By Lauren Wise
By New Times
By Amanda Savage
By Jason P. Woodbury
By Troy Farah
By New Times
By Derek Askey
Well, stick a monkey in front of a typewriter and sooner or later he'll write a haiku.
Four years into a career ignited as a lark, and fueled on hype and connections, 7 Year Bitch has finally come up with a few decent garage-punk songs. And, Christ, how hard can that be?
If the Bitches (as they're known to friends) were a high school band from somewhere very American, like, say, a suburb of Des Moines, they'd be the chick band that all the jocks were scared of, and that every other guy in school secretly lusted after. All that painted, sweaty hair, exotic makeup, thrift-store chic, electric noise and pheromone-soaked aggression.
But 7 Year Bitch isn't from Iowa. 7 Year Bitch is from Seattle, Washington, where the playing field is big-league and littered with the wreckage of bands that were miles better than this one ever was--bands that busted their asses but didn't come up with the right gimmick or know the right people.
7 Year Bitch did both. Three of the band's founding members--drummer Valerie Agnew, vocalist Selene Vigil and bass player Elizabeth Davis--met as employees in the same health-food store at Seattle's Pike Place market in 1990. The Rainy City music scene was one big, fat buzz at that time and the three decided to--what the hell--start a band and get in on the fun. "No, we didn't know how to play our instruments," Davis said in a recent interview, her incredulous tone implying "stupid question."
"When we started off, we didn't really know anything about writing or playing music, so there was nowhere to go but up."
And up it went; the band that climbed the ropes without learning them first. Filling out its lineup with local guitarist-in-training Stefanie Sargent, 7YB started playing sporadic dates around Seattle in 1991--mostly opening slots and parties for free beer. The band sucked, of course. But the members also knew Eddie Vedder's wife, Beth, who, in early 1992, secured the group a spot opening for the Red Hot Chili Peppers on a national string of rain-check dates (Pearl Jam had opened for the Red Hots on the original tour, but had to be in Europe for the makeup shows).
"[The Peppers] said they wanted to help out an up-and-coming band from the same city, and Beth set us up," Davis says. The tour was pretty much a disaster. "We were petrified, and we sort of knew we didn't belong there," Davis says. "We didn't play especially well."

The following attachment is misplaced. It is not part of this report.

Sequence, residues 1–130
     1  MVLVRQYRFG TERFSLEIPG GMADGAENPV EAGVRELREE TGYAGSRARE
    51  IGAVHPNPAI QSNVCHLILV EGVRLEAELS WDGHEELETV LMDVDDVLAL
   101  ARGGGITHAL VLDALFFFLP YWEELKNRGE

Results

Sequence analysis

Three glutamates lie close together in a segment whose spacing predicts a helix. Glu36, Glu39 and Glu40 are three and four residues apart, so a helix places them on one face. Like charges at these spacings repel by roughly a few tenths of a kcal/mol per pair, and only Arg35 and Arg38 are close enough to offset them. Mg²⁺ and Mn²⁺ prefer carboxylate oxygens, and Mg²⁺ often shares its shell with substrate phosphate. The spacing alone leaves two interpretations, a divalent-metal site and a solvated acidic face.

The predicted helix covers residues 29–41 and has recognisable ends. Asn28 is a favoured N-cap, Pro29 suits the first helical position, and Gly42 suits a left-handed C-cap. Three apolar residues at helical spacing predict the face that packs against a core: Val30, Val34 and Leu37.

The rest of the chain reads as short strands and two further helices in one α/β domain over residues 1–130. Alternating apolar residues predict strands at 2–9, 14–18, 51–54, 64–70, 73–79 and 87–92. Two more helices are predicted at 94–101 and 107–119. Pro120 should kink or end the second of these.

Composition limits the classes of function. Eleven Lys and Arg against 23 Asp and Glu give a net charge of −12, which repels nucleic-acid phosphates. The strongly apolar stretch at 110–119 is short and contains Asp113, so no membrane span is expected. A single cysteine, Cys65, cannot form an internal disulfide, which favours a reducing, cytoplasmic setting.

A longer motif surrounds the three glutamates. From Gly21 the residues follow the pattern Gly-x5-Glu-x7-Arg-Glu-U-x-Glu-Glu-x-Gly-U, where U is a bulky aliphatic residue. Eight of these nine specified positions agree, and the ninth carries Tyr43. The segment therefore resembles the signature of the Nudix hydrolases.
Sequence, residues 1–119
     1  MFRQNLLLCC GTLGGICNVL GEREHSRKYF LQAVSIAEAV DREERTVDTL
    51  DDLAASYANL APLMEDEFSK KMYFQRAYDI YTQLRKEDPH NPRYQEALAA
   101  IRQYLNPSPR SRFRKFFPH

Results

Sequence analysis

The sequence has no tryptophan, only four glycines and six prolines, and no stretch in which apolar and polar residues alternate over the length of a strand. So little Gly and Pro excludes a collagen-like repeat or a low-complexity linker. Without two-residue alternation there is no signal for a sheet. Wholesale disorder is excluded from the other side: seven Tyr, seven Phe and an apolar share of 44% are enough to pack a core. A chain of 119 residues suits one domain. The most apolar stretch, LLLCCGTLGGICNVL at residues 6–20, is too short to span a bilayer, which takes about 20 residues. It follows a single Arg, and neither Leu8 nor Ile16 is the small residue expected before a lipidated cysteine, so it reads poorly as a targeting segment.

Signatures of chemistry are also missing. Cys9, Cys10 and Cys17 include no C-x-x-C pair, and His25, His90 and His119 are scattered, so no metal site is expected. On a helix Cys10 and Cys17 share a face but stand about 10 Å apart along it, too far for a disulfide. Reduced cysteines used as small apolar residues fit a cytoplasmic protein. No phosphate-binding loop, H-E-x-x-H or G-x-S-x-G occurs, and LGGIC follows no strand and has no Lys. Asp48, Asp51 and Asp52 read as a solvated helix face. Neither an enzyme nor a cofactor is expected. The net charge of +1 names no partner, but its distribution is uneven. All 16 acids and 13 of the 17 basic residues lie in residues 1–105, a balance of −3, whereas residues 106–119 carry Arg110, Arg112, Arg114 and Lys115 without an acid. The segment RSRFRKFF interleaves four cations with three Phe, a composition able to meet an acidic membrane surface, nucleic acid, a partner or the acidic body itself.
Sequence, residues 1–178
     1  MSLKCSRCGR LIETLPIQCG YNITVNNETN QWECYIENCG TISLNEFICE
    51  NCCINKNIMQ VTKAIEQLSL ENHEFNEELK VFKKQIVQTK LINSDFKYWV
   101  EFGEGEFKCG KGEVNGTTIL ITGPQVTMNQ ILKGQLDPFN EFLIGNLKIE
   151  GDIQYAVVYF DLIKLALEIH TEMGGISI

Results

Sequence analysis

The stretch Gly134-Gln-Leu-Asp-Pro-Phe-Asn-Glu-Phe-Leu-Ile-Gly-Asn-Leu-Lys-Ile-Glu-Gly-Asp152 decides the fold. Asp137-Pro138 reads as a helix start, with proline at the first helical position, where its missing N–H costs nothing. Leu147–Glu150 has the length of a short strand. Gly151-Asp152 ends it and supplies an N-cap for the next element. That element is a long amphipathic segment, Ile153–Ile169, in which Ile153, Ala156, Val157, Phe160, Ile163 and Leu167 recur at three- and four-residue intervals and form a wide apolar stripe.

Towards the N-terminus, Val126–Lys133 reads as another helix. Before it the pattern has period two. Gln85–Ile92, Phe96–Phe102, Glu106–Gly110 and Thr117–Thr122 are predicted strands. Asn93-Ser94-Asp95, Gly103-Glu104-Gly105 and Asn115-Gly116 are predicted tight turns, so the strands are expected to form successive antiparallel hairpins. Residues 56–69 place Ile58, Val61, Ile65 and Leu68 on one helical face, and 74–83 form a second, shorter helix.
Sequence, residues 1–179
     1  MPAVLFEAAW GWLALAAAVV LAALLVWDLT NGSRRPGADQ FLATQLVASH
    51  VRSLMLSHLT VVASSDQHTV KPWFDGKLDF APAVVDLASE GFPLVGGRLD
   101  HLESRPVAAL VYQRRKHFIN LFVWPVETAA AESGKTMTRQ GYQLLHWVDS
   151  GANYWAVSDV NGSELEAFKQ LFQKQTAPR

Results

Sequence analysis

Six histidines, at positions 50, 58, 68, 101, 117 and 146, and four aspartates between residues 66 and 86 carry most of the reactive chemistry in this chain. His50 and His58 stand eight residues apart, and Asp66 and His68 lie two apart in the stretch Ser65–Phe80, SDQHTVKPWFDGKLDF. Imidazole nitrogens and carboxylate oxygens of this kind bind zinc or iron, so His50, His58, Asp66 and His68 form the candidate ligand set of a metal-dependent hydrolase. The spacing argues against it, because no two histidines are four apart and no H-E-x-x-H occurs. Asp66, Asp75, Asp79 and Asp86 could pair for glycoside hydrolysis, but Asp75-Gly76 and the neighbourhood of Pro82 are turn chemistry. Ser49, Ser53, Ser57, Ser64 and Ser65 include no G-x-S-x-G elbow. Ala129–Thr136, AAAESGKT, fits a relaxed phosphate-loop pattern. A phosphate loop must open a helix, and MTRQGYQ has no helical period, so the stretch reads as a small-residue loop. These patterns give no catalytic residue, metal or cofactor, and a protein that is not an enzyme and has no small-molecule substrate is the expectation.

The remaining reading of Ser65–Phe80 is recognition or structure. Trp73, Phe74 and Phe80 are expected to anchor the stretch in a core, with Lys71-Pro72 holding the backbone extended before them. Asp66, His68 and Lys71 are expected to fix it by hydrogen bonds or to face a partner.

No matter. A Seattle indie label, C/Z Records, inked a deal with the band anyway, a few months after it came off the Chili Peppers tour. Shortly before 7YB's debut album, Sick 'Em, came out in early 1993, Sargent died of a heroin overdose. Coming on the heels of her band's unlikely performances with the Red Hots, the guitarist's death made national news in the rock press.
The band decided, after a few months of mourning, to press on, and Fastbacks bassist Kim Warnick invited a friend from Los Angeles to drive up to Seattle to meet the surviving Bitches. Roisin Dunne had little talent or experience as a musician and possessed only a passing familiarity with 7 Year Bitch's material. Two weeks later, she was in the band. 7YB's second album, Viva Zapata, came out in the spring of 1994, immediately after an embarrassingly bad European tour.
Like Sick 'Em, Viva Zapata was a collection of crude, brown-wrapper aggro rock that hopscotched between punk and metal. Normally, either album would have died a quick death on college radio. But, sick as it is, tragedy and hype sell records--even bad ones.
There is no question that the members of 7 Year Bitch were legitimate close friends of Gits singer Mia Zapata before she was raped and killed in July of 1993. But there is also no question that putting Zapata's name in the title of their second album and a portrait of her as a Mexican bandito on the cover was a smart business move.
Zapata's brutal murder quickly became a cause celebre for Seattle musicians and artists (see related story on page 96), and turned media attention to the Northwest's "riot grrrl" scene--feminist punk bands like L7, Bikini Kill, and Babes in Toyland, that put their politics high in the mix.
Though Davis says 7YB never identified itself with that movement, when Viva Zapata came out, the rock press tagged the band a riot grrrl act anyway, primarily because of the track "Dead Men Don't Rape," a song more notable for its title than its substance.
"We never were a feminist band," Davis says. "To me, extreme anger and wanting to kill a rapist is a completely normal female response, not a political one."
Shortly after Viva Zapata came out, 7YB signed a contract with Atlantic Records. The band's first major-label LP, Gato Negro, was released in February. Surprisingly, it's not half-bad. Starting with the slinky, drag-race guitar riff on the album's opener, "The History of My Future," Gato Negro holds a few tasty surprises for anyone who's followed the band's dubious rise up to now. Most of the album is merely serviceable, but at least it won't make you cringe. And several cuts are actually pretty damn good, including the lurching bruiser "Whoopie Cat" and "Crying Shame," a languid broken-heart lament with a mean hook that comes out of nowhere.